Here are photos of the above events, roughly in chronological order. Enjoy!


Collecting at Soberanes Point in Big Sur, CA.


When my mom visited, we found a great Brazilian restaurant and went to the 
boardwalk. 


On the left is the surfboard that caused
the crack! Boooo 10 ft fiberglass boards!


A view of Lompoc Landing through my cracked windshield.


Sampling at Lompoc Landing in Vandenberg Air Force Base.


The finish line at the Big Sur Marathon.


A mussel to be measured.


Wet lab set up. There are whelks 
and mussels in those cups.


Yellow whelk eggs produced in the lab. Those are actually 
egg capsules. The eggs are much smaller and inside.


A dancing whelk. 






Sunday, March 22, 2015

Oregon Site Scouting

Last weekend I went to the Oregon coast to look at the sites I want to sample. Primarily, though, I was in Portland for my old college roommate's wedding; congratulations, Rachel and Max!

Purely by curious observation, I learned a lot about intertidal life in Oregon and how it's different than in California. This seemed backwards to me because I grew up in Oregon and was first inspired to study intertidal ecology because of Oregon tidepools. Fifteen years later, I finally feel like I understand something about them... but only in California. I won't give up on you, Oregon! I'm still charmed by your windy coasts and incredibly productive intertidal communities, and I have many years left to learn about them.

To spare your eyes a block of text, and since I took many photos, here's a picture montage of where I went and what I learned. All of these are original photos with no digital editing.


The bridge in Newport, OR over Yaquina Bay.
Near OSU's Hatfield Marine Science Center.

The bridge in Newport, OR over Yaquina Bay.
Near OSU's Hatfield Marine Science Center.


Rouge Brewing's world headquarters. 
Near OSU's Hatfield Marine Science Center.
Yaquina Bay Bridge in the background.

Yaquina South Jetty. I looked for mussels here,
but found none.

A research vessel entering Yaquina Bay.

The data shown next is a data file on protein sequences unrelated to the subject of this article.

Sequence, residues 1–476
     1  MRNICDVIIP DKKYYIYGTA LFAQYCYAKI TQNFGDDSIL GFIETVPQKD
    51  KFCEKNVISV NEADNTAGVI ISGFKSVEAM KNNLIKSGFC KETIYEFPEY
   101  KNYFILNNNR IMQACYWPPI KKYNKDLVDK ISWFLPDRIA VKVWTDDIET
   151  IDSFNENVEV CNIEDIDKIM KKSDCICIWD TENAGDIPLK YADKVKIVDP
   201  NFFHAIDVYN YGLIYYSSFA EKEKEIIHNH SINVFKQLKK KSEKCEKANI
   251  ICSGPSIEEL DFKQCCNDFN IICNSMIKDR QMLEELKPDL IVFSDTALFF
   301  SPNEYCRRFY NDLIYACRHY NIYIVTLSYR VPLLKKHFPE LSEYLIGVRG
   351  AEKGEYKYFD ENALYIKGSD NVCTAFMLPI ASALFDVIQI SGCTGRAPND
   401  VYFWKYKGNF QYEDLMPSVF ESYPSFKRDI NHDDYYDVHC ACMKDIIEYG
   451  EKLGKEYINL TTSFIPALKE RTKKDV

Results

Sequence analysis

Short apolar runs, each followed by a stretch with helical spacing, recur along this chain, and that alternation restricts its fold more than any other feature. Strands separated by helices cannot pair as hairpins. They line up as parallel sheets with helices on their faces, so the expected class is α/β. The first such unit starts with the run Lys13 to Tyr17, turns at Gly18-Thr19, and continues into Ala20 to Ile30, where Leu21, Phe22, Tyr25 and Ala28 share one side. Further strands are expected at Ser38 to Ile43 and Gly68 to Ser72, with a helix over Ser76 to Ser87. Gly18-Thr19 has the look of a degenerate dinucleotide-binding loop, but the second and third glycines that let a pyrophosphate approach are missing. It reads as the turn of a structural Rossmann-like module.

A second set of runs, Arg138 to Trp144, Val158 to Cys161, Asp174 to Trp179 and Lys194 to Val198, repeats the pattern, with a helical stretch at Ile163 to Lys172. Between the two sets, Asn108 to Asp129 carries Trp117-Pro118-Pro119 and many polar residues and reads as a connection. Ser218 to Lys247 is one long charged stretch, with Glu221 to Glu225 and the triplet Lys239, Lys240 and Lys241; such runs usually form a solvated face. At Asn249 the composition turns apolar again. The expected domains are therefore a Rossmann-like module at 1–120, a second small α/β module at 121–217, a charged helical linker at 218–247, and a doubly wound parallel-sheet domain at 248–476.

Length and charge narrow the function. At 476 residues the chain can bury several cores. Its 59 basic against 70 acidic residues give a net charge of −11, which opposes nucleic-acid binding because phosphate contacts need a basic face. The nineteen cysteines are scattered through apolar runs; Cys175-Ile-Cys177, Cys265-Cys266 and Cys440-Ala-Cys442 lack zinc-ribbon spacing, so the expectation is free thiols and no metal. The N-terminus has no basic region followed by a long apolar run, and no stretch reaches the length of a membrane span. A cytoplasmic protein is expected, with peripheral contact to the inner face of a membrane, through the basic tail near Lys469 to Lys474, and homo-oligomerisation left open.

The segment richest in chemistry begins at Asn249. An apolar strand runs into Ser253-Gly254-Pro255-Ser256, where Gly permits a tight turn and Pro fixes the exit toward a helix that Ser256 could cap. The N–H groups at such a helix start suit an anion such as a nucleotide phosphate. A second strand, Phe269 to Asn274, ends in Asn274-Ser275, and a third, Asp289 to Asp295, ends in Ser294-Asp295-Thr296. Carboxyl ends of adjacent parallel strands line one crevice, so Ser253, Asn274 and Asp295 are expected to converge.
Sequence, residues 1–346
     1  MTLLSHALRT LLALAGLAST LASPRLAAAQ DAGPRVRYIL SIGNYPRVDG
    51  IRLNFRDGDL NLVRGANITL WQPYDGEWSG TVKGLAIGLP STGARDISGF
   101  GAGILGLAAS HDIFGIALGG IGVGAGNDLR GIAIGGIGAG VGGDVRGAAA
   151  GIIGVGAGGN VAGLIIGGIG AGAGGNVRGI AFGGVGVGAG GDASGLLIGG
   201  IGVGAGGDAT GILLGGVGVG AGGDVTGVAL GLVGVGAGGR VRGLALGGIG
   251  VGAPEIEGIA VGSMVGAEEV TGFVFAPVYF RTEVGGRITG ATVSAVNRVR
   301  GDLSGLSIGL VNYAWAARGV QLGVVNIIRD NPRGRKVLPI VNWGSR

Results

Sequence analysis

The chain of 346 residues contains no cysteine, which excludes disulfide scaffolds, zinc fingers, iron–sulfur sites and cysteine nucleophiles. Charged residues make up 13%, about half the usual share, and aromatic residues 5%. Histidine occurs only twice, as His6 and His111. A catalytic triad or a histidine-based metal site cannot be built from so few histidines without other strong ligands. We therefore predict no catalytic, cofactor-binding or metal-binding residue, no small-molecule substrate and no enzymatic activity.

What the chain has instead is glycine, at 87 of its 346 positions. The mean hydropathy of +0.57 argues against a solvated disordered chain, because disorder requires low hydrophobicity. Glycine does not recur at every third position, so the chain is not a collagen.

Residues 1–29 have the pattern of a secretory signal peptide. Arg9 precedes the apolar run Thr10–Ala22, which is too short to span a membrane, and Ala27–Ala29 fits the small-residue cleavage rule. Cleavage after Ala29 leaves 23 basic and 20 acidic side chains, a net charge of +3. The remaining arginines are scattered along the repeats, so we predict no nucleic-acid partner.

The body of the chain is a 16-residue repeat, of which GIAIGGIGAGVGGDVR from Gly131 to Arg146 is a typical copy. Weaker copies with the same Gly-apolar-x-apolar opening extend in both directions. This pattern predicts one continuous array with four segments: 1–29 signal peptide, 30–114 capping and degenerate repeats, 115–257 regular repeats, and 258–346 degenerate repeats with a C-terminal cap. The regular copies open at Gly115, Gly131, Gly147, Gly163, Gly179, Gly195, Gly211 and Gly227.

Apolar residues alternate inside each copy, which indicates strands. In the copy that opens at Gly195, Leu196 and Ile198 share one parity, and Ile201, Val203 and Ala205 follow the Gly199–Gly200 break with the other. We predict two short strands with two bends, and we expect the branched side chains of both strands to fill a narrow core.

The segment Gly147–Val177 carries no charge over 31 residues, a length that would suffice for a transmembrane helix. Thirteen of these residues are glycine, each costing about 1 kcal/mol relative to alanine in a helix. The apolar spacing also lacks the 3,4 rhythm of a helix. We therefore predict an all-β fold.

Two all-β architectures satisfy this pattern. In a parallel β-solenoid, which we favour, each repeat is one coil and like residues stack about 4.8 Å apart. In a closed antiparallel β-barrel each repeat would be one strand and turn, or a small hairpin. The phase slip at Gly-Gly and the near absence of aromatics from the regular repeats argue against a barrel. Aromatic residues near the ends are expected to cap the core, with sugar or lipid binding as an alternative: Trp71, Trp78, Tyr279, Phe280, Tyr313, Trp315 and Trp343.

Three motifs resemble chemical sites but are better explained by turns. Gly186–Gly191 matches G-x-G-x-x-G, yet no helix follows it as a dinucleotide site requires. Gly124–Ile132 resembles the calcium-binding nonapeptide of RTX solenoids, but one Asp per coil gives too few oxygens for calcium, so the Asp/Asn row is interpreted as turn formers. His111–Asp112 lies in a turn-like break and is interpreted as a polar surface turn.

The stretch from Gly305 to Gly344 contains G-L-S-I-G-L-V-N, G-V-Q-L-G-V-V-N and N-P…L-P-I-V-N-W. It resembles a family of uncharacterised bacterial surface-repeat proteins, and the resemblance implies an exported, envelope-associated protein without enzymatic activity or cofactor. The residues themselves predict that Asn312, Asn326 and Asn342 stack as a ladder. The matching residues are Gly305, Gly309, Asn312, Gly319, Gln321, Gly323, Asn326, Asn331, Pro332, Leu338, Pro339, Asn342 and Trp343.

Oregon coast beach. I never suspected my first thought would
be: I'd surf that. Santa Cruz is getting to me.

Looking for more places off Hwy 101 to collect just mussels. 

Another field site: Strawberry Hill (STR). I'm not sure yet how it
was named. I didn't see strawberries, but they might come out in 
the summer. This was actually the wrong spot...

...this is the spot at STR where I am going to sample. This is
where there is (I think) some long-term diversity data. The
following photos are all from STR.


Nucella whelk on a mussel at STR. It's probably not 
eating the mussel because apparently the whelks in 
Oregon rarely eat mussels, and when they do, they 
eat a different species than the one shown here.

View of the land from the intertidal at STR.

Imposter!

Some super cute green anemones showing off their bright green 
photosynthetic symbionts in the full Oregon sun. 

Was something boring into this whelk? Can you feel the irony?

That's a huge mussel! It was the size of my hand! I've never
seen them that big in California.

Ha, I caught you! Those two whelks were totally eating mussels. 
Maybe they gave up on barnacles because they just kept settling
on the whelk's shell, mocking it.

S/he was determined not to let go. I left her/him attached
so s/he could finish eating when the tide came up.

There were so many whelks here, I had a really hard time not 
stepping on them. 

View of the ocean from the STR intertidal site.

Evidence of whelk predation? Maybe, but there's
no way to know which species made that hole...
unless there is, but no one has studied that yet. 
Thesis chapter?

A cheery tidepool. 

A whelk doing its whelky thing.

Is this what the world looks like from a whelk's point of view?

Albino mussel? Why is it orangey-tan? There were about 1 in
1000 of this color.

Whelks will be whelks.

I spy a bright orange Nucella

 I saw several healthy sea stars—at least a dozen—and no diseased
stars. Yay! This one is having a meal. 

See how beautiful this site is? Don't you want to help me collect field data?

Tuesday, March 10, 2015

Volunteer Waiver Form and Research Calendar

I'm so excited to have many people wanting to help me with my research!

There are certainly things I need help doing right now. I am planning to do field work next week, and I don't have collecting bags made or proper tanks for the whelks I'll be bringing back. After that I'll need help photographing, measuring, dissecting, and whole bunch of other things I haven't thought of yet. If you plan to help, please see the links below.

Volunteer waiver form

Please fill out and sign this volunteer waiver form before coming in to help. It gives you medical coverage in case you get hurt. Link: Volunteer waiver form

Research events calendar

Here is my calendar with specific dates and times for when I'll need help. Please let me know at least a day in advance if you are planning to come to LML to help me. Link: Research Events Calendar

Check out how cool you could look doing intertidal research:


Thanks again, everyone!